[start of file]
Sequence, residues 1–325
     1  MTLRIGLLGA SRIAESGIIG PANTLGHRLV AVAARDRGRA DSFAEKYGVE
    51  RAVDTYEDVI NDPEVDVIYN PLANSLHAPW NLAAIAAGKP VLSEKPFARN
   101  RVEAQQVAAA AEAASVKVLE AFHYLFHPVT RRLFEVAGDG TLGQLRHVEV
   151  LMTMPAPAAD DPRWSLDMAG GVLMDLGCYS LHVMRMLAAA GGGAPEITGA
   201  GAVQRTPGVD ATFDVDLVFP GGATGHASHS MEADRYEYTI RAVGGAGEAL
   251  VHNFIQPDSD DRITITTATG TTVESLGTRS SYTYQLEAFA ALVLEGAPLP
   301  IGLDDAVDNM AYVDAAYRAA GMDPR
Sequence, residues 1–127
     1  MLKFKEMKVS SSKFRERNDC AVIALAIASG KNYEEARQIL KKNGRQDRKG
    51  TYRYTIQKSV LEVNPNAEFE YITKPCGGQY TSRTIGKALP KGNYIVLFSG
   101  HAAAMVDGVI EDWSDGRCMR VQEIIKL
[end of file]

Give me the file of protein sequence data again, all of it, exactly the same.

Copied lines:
Sequence, residues 1–325
     1  MTLRIGLLGA SRIAESGIIG PANTLGHRLV AVAARDRGRA DSFAEKYGVE
    51  RAVDTYEDVI NDPEVDVIYN PLANSLHAPW NLAAIAAGKP VLSEKPFARN
   101  RVEAQQVAAA AEAASVKVLE AFHYLFHPVT RRLFEVAGDG TLGQLRHVEV
   151  LMTMPAPAAD DPRWSLDMAG GVLMDLGCYS LHVMRMLAAA GGGAPEITGA
   201  GAVQRTPGVD ATFDVDLVFP GGATGHASHS MEADRYEYTI RAVGGAGEAL
   251  VHNFIQPDSD DRITITTATG TTVESLGTRS SYTYQLEAFA ALVLEGAPLP
   301  IGLDDAVDNM AYVDAAYRAA GMDPR
Sequence, residues 1–127
     1  MLKFKEMKVS SSKFRERNDC AVIALAIASG KNYEEARQIL KKNGRQDRKG
    51  TYRYTIQKSV LEVNPNAEFE YITKPCGGQY TSRTIGKALP KGNYIVLFSG
   101  HAAAMVDGVI EDWSDGRCMR VQEIIKL